Sunday, November 15, 2020

<img src=”The Who.png” alt=”writer won't get fooled again by unscrupulous agents">
                                                                                                                                        Photo: courtesy Wikipedia 


Sad, but true...I was suckered by an agent.  I paid $300 for literary services not knowing that this was a dishonest practice.  It just goes to show how little I knew about publishing.  

Back in the late 90s, I had enrolled in my first writing class at the Carnegie Center for Literacy in Lexington, Kentucky.  Our assignment was to complete a picture book by the end of the six-week session.  On the last day of class our teacher brought in a local agent.  She passed out her business cards and I jumped at the chance to be represented.  

It never dawned on me that Karen would be unethical.  All I knew was that she was a nice person whom my writing instructor had recommended.  She invited me to her house for a business lunch.  During the meeting, she discussed her plans for presenting my work to publishing houses.  All seemed legit to me.  Even the money she needed to get the job done.  She was excited about my work and I was thrilled to have an agent who knew the publishing industry.

When we finished our business, she scheduled the next meeting and mentioned that she'd need another payment for more of her services.  At that moment something didn't seem right to me.  When I got home, I contacted a local author to find out whether writers should pay an agent.  She warned me that writers should not be charged for an agent's services and suggested that I look into the Association of Authors' Representatives, a professional organization of literary agents who meet the highest standards and subscribe to a canon of ethics.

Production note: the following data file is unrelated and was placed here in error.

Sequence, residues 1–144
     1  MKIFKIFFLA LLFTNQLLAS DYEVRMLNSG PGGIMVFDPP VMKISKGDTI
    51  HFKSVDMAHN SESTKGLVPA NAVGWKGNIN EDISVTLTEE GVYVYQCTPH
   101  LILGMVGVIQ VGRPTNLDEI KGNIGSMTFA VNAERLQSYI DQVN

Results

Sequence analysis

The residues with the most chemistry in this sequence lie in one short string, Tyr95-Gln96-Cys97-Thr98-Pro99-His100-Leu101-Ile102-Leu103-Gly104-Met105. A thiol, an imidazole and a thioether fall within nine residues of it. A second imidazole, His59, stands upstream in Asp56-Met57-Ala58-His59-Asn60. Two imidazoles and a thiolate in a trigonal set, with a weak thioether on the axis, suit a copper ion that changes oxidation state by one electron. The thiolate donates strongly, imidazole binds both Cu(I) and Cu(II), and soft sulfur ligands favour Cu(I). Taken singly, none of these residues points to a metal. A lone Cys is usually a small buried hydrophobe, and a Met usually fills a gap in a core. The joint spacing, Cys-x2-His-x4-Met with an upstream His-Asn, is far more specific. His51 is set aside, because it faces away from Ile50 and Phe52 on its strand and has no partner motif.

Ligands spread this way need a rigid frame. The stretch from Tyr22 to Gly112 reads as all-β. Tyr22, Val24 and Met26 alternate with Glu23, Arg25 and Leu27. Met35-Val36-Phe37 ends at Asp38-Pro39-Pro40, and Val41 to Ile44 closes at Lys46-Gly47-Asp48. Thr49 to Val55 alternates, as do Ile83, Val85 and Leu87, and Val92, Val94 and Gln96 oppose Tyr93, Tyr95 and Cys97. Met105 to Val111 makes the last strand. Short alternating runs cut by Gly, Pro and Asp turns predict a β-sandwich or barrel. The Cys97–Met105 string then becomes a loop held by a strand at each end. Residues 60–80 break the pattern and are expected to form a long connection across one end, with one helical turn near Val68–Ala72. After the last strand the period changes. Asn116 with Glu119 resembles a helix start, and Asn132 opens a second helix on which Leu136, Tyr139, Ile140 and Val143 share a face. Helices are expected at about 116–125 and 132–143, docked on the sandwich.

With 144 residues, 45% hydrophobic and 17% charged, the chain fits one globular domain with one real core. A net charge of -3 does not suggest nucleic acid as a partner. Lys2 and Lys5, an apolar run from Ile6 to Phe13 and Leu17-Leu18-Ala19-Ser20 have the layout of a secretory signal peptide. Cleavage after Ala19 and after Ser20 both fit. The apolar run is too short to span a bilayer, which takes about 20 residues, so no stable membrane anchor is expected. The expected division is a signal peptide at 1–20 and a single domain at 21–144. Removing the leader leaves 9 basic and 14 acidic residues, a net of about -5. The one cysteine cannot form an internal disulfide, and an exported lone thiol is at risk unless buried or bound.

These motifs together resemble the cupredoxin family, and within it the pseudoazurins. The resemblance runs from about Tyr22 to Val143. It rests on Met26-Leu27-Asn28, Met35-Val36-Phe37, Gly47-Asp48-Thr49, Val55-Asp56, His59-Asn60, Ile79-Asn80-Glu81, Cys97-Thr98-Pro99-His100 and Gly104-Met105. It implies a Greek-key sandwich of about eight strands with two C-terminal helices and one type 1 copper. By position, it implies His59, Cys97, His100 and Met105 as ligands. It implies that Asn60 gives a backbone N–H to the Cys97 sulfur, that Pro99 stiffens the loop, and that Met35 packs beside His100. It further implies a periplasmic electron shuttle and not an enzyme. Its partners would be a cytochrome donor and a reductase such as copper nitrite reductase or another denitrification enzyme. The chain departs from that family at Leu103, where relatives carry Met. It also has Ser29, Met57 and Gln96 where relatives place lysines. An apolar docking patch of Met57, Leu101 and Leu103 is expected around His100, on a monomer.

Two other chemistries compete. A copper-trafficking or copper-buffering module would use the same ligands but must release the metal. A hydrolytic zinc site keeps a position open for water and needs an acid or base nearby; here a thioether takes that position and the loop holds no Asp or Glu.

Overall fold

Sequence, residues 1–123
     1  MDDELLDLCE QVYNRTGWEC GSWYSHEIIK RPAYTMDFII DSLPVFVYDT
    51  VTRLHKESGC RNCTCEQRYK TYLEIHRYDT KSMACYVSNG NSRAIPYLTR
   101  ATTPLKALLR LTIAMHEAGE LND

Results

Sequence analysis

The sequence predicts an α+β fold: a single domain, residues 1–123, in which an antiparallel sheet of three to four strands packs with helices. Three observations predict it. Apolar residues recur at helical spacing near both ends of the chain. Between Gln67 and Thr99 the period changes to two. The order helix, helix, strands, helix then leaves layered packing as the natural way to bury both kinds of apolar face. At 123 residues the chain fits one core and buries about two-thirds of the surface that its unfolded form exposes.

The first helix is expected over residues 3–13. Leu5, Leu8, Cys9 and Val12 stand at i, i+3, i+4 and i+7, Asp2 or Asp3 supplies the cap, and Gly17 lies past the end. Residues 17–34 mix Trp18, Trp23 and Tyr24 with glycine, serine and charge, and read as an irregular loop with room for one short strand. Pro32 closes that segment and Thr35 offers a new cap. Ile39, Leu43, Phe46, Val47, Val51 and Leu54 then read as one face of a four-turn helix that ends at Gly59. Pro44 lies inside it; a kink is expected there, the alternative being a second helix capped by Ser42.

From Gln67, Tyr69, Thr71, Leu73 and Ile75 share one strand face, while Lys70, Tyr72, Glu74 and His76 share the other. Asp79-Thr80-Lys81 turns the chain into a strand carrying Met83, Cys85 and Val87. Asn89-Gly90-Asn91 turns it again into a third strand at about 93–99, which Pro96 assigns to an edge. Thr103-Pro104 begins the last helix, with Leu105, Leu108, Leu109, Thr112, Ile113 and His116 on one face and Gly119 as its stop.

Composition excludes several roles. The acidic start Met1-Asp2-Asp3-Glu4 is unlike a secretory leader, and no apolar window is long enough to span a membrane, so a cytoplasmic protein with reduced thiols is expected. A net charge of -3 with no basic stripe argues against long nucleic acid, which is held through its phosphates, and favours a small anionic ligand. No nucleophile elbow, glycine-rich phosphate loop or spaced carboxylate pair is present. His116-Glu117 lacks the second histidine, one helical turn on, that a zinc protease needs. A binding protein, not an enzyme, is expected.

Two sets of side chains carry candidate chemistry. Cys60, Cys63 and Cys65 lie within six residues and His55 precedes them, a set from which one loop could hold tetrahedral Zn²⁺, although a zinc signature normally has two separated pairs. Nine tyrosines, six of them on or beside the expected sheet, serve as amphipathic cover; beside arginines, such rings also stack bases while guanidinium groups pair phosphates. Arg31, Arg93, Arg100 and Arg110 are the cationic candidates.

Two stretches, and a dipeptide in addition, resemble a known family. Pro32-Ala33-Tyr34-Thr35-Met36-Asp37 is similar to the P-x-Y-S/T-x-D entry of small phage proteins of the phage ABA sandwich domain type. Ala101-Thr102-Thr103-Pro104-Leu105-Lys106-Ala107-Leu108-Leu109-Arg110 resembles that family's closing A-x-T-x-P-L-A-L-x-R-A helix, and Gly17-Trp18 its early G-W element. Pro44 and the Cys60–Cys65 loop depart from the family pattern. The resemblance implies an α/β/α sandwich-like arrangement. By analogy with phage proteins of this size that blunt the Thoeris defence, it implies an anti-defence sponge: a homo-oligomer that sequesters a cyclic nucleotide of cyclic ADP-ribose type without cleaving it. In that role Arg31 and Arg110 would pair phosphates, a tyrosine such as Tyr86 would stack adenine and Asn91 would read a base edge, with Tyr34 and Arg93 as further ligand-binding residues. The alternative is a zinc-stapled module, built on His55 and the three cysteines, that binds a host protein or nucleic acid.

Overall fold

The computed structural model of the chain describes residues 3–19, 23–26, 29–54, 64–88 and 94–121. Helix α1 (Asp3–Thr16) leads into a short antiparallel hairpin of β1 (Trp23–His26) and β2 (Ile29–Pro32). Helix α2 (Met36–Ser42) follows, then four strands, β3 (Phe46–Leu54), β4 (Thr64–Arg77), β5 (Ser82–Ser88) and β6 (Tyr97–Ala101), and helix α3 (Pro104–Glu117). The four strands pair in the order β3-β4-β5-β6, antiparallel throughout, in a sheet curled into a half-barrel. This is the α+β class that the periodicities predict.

I immediately googled the website.  According to the AAR, the practice of literary agents charging clients or potential clients is subject to serious abuse.  For that reason, members may not charge clients or potential clients a fee and may not benefit, directly or indirectly, from the charging for their services. 

It was no surprise that my agent was not a member of AAR.  So, she was essentially free to charge writers for her services.  But not me.  I ended our relationship.  

Now when I look back on the partnership, I realize that paying Karen was not the only problem—I had also given her the very first picture book I had ever written.  How naïve was that?  My manuscript desperately needed to be critiqued.  It needed to be revised to improve the content.  It needed to be edited to fix grammar, punctuation and sentence structure.  It was not ready to be presented to publishing houses.  

As they say, live and learn.

Fast forward to November, 2016.  Believe it or not, I received an email from an agent on my birthday!  Editorial agent Melissa Carrigee fell in love with my manuscript Maggie and the Summer Vacation Show-and-Tell.  Together, we fine-tuned the text and collaborated with an artist to get the illustrations just right.  Nine months later, my debut picture book was published.   

My relationship with Melissa was wonderful and I wanted to work with her on future projects, but she decided to step away from agenting and to establish Brother Mockingbird Publishing.  So, at this point in my career, I'm searching for a forever agent.  Someone who is honest and professional like Melissa.  I will never forget dishing out hundreds of dollars to someone who called herself an agent.  What a costly mistake.  But hopefully I'll be savvier when I sign with another rep.  Because like the song sung by the Who—I "Won't Get Fooled Again." 

✌ and